I paint people for the exhibition, keep the paintings, and Eileen presents the sitter with a top quality print of the painting.  Nothing goes on display without the consent of the sitter, or the sitter's family.  Working with someone on a painting is a labour of love, and the experience for all us involved is profound, moving, enlightening and wonderful.  And sad, too, when that person dies if that is what they do.  Some of the people in the exhibition are alive and well, some are not.  But because of the nature of A Graceful Death, I do not charge anyone anything.  It feels as if I am receiving a priceless gift listening to life stories and painting portraits.  So how does the exhibition manage to exist, grow, exhibit, make itself?  Miracles.  It runs on miracles.  If I take the exhibition to a conference, or an event that I am not organising, then I charge a fee. But to create the exhibition, I do not.  And now I must find a way to fund the creation and maintenance of this amazing work.  It is time for it to make its way in the world so that I can concentrate on the paintings and the work I do with the people involved in making it so powerful.  It is time to get financial.

This then, is why I needed to be quiet in Bognor this week.  I must do some serious thinking, it is time to take this huge, growing, glorious exhibition to the next level.  It is time to find that open door, and step through it.  It is time for benefactors to vie with each other, falling over each other to offer their services, in order that I can keep this exhibition serving the people that take part, and that come to experience it.

And as if to help me to do this, I have planned to do nothing at all this weekend.  I have planned to wear my pyjamas from Friday night until Monday morning, and to follow my every (legal) whim.  If I wish to eat eggy toast at 2am, I shall.  If I wish to lie on the sofa under soft green woollen blankets and dream of the future, I shall.  If I wish to watch my phone ring, and not answer it unless it is from the Spectator wanting to give me an award for perseverance, that is what I shall do.

It is time for a very emotionally mature and ridiculously wealthy philanthropist to decide to go on a journey of personal discovery.  Go to Bognor, the Philanthropist's assistant will say, I have had a dream.  And so, leaving the limo behind, giving the helicopter pilot the day off, the Philanthropist will catch the train to Bognor.  Where, the Philanthropist will ask at Bognor Regis station, is the house in which a lady lies dreaming on the sofa under a green woollen blanket?  Where is the house in which a lady is eating eggy toast in the wee small hours, as I must go there; my assistant has had a dream, and my assistant is never wrong.  Ah, someone will say, you will want the house of A Graceful Death. I am intrigued!  The Philanthropist will say with feeling.  I feel a journey of personal discovery coming on!  I will go and accompany this lady (when she gets dressed and answers her phone) and I will meet people and hear things that will make me wonder at the miracle of life and death.  I will go with her and see how people tell the truth at the end of life, and how it is sometimes the hardest and sometimes the most intensely rewarding part of one's life.  I will be prepared to be humble and to listen, and I will see how Art can reach the parts other things can't reach.  And most of all, I will pay for everything.  It will not take much for me, the Philanthropist on a journey of personal discovery, compared to what I will experience and learn from being with those who are dying, what are a few noughts on a cheque compared to that?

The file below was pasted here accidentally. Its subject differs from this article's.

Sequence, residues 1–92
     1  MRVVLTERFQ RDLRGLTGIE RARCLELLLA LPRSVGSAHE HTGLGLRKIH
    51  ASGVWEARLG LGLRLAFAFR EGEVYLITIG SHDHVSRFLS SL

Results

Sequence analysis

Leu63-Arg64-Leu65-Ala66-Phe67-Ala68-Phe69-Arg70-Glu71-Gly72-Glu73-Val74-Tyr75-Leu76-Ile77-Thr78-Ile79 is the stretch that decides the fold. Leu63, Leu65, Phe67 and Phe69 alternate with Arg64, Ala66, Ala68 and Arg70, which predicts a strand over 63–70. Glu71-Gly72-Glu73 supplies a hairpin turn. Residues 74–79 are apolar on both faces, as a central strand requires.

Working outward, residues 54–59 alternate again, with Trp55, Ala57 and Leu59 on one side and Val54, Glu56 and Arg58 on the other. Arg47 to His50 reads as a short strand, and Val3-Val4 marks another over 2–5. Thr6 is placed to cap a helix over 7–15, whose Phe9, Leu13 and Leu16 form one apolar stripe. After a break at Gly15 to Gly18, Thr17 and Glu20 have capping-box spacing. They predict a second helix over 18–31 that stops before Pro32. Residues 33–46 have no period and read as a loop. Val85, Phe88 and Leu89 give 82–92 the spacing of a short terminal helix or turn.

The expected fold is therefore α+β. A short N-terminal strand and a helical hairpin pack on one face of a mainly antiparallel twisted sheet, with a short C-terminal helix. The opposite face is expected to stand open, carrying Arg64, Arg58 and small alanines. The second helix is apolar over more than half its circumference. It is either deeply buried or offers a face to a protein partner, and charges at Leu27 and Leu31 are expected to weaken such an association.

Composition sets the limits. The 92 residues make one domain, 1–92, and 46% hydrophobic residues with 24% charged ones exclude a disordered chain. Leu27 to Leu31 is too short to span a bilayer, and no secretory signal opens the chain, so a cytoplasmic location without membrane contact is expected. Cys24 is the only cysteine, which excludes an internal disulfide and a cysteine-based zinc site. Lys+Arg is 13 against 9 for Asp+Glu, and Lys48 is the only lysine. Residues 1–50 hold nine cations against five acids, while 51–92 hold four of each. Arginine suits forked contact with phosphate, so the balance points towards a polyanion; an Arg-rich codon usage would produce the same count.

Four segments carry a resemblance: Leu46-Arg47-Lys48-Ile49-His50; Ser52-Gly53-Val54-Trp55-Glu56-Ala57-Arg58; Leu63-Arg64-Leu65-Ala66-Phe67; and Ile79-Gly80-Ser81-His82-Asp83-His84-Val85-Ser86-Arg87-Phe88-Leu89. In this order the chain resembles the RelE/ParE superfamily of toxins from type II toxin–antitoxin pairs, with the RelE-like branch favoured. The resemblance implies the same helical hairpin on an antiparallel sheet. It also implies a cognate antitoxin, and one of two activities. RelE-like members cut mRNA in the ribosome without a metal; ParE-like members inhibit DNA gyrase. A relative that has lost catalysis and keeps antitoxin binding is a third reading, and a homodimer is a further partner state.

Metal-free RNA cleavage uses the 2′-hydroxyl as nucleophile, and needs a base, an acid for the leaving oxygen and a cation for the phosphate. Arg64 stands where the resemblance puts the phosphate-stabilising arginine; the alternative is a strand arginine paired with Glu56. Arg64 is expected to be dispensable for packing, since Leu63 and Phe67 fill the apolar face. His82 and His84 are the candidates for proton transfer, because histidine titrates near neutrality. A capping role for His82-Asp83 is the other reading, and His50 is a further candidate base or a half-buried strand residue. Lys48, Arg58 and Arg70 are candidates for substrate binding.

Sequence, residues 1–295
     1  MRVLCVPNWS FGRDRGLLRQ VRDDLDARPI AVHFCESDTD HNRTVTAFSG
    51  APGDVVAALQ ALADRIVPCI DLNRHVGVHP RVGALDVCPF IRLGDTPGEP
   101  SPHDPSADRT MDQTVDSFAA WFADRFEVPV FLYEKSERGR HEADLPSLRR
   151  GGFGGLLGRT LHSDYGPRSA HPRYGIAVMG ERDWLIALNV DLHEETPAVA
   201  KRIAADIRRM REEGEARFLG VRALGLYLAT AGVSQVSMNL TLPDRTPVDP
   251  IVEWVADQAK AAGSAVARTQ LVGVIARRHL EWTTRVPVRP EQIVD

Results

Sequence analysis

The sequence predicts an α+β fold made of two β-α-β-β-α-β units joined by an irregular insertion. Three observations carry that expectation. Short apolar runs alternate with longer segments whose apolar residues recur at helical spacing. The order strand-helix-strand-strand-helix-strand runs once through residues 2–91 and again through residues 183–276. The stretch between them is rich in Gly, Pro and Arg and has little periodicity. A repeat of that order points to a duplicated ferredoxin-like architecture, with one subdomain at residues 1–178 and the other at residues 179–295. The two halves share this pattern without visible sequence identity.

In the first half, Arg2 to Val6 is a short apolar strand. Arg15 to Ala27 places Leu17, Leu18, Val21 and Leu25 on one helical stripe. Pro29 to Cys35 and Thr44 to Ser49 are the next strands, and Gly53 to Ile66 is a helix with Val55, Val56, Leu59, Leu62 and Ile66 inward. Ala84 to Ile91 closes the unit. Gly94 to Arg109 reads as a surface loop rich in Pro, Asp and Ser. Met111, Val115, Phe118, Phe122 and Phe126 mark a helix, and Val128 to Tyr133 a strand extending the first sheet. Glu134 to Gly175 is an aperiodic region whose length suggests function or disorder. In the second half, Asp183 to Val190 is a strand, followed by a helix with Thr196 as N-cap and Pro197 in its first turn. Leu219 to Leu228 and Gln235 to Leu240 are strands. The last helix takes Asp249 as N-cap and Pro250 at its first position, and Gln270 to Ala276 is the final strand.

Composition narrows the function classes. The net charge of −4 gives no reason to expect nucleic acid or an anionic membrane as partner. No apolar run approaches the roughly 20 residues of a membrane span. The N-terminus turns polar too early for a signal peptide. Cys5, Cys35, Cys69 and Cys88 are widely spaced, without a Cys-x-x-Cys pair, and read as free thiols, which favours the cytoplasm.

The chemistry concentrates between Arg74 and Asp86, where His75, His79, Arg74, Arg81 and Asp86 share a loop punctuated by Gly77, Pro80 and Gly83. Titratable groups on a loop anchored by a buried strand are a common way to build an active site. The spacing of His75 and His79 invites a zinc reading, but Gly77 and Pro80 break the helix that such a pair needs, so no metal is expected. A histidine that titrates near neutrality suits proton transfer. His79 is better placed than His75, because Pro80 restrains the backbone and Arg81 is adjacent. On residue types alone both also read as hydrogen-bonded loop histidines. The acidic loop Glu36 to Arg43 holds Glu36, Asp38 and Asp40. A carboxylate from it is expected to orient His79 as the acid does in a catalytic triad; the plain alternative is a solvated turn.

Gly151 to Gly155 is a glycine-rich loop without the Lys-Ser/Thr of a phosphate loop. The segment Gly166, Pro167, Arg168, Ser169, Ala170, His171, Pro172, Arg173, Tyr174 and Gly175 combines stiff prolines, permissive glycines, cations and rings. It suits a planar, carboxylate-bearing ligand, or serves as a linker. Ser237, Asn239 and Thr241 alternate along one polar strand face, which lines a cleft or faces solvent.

Quite, I shall say when I hear the Philanthropist knock.  Quite.  All I ask, I shall say as I put the kettle on and wrap the Philanthropist in a warm pink and white spotty blanket for warmth, is that you come with me, see what I see, and make it all possible.  I do not need more than you can give, but come with me and see how this is all done.  Listen to the music that Lizzie has composed for the exhibition.  Meet the lady who is going to be painted next and listen to her story.  Meet her friend who loves her, and see how life gives us so much that passes under our noses until we are in need of someone to hold us as we face our dying.  And see, how we can ask someone who is dying - Who are you?  What are you saying to us?  Sit with me while I paint it, and tell me what you are feeling.  And the Philanthropist will say, well blow me down.  This is profound and within my grasp and all that.  But first things first.  Can I have ketchup on my eggy toast?

Goodbye Michael, Goodbye Old Friend.